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Movie Review: The Girl on the Train (La fille du RER) February 10, 2010

Posted by judylobo in Movie Review Archives, Movie Reviews, Movie Trailer.
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Movie Review: The Girl on the Train (La fille du RER)

Alternate Title: Truth and Consequences

Story: Sometimes knowing what a film is about beforehand doesn’t work out so well. I knew that this latest film directed by France’s André Téchiné and written by Mr. Téchiné, Odile Barski and Jean-Marie Besset was inspired by a true story that occurred in France in 2007 and was based on a play by Mr. Besset. The actual event that got France in a frenzy was a hoax perpetrated by a young girl who claimed that she was attacked due to anti-Semitism by a group of young men. She ultimately recanted but the damage was done.

I was surprised to find out that director Techine delivered two films in one. Part one (the longer part) introduces us to the young, restless, sullen Jeanne, who lives with her single mother, is unemployed and spends most of her time roller skating trough the streets of Paris. Pursued by a wannabe wrestler, she ultimately moves in with him, trouble ensues and she gets even more sullen.

It is never clear why she perpetrated the hoax that occurs two-thirds of the way through the film and we also do not get to witness the media frenzy that resulted in France because of this explosive topic.

A secondary, smaller story revolves around a Jewish, well to do family. The connections to this family are not very believable and actually threw me a curve.

That said, the film is interesting but not satisfying. We see beautiful people doing some strange things with their lives and at the end of the film, I simply didn’t care.

The real girl, Marie Leonie LeBlanc’s story is here.

Watch the young Emilie Dequenne in Rosetta from 1999.

Acting: Émilie Dequenne as Jeanne is striking and a powerful actor. I look forward to seeing her grow. Catherine Deneuve as her mother, Louise, never fails to deliver, even in this underplayed role. Michel Blanc as lawyer Samuel Bleistein was fine as was Ronit Elkabetz as Judith (you might remember her from The Band’s Visit) was also more than fine.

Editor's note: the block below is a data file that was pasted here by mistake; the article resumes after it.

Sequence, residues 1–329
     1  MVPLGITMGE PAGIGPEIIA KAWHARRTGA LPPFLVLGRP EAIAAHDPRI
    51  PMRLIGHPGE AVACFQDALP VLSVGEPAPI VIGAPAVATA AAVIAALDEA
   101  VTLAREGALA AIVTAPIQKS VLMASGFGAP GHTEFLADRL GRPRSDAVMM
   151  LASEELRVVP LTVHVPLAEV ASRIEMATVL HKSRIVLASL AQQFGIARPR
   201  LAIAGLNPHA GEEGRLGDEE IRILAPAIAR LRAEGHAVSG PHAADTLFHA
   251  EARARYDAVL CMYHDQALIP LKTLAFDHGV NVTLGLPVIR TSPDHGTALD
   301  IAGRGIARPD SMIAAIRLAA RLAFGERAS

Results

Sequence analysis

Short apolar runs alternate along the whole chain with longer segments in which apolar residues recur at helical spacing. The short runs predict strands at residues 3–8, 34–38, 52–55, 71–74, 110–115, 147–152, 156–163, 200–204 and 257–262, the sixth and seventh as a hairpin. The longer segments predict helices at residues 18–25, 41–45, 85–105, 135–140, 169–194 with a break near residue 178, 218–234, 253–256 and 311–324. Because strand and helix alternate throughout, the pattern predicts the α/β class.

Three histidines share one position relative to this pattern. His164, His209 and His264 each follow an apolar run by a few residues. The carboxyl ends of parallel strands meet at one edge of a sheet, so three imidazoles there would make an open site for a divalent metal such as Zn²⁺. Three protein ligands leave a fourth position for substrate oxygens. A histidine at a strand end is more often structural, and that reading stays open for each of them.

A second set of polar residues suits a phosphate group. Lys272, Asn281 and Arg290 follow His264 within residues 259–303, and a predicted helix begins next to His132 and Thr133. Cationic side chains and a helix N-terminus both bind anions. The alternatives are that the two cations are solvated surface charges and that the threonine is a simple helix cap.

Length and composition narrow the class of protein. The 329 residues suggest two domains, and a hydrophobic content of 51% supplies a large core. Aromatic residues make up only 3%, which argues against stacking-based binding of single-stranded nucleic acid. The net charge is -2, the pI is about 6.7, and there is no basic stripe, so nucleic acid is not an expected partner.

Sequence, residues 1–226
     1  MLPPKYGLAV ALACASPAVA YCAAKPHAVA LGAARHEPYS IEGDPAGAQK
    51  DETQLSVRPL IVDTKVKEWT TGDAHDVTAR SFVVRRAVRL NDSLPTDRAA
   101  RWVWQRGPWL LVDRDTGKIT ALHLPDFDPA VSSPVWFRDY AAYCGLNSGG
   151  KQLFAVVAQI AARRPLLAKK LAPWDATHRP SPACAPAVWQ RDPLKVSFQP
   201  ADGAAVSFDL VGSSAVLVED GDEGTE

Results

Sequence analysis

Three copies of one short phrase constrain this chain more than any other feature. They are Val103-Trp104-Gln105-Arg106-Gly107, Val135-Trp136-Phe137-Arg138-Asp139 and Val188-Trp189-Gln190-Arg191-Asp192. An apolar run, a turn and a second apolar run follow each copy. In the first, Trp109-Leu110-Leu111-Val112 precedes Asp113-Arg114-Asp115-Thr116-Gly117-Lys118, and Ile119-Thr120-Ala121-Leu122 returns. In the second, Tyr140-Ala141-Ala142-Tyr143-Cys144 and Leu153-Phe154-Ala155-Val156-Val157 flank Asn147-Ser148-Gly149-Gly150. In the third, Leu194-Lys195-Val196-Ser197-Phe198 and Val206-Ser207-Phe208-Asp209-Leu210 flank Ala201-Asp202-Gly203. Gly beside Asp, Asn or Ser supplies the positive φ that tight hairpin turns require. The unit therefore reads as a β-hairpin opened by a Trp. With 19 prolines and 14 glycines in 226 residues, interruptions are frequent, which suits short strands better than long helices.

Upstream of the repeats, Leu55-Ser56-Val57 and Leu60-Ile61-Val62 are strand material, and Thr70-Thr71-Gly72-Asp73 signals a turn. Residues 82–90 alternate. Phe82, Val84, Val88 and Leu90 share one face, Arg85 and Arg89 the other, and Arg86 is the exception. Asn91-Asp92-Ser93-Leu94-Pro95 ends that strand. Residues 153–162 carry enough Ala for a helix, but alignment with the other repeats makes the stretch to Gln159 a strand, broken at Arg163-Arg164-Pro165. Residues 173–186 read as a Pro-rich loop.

Trivia: Émilie Dequenne was one of over 40 female celebrities, activists, and politicians who read from Eve Ensler’s “The Vagina Monologues” in Paris on March 31, 2003, during the “V-Day Paris: Stop a la Violence” event. Ronit Elkabetz was born in Beersheba 40 years ago and raised in Haifa, she now lives in Paris. Catherine Deneuve liked Breaking the Waves by Lars von Trier so much that she wrote a personal letter to him, asking him for a role in a film of his. The result of this is her part in Dancer in the Dark. Her son, Christian Vadim’ father is Roger Vadim. Her daughter, Chiara Mastroianni’s father is Marcello Mastroianni.

Predilection: None

Critters: A white fluffy dog. I was expecting to see more pets since it was filmed in dog loving Paris.

Food: Conversations around the table but little eating.

Sex Spectrum: It is a French film. There was dreamy, up close sex.

Blatant Product Placement: None

Soundtrack: Interesting

Opening Titles: A fast moving train is going through a dark tunnel.

Visual Art: Paris and its environs never fail to warm the eyes.

Theater Audience: Several people were complaining about the uncomfortable seats. I gave away the tip that the last row in this particular theater had the most comfy seats since the backs did not go back very far. All eight of us ended up in the back row but everyone left but one man and me when it was announced most of the people were in the wrong theater.

Weather: Paris is lovely in the springtime and summer.

Sappy Factor: 0

Quirky Meter: 0

Squirm Scale: 1

Drift Factor: I looked at my watch often.

Predictability Level: High since I knew the story.

Tissue Usage: 0

Oscar Worthy: No

Big Screen or Rental: Rental would be fine. You can also rent Rosetta, which introduced young Émilie Dequenne to the world.

Length: 105 minutes

LOBO HOWLS: 7


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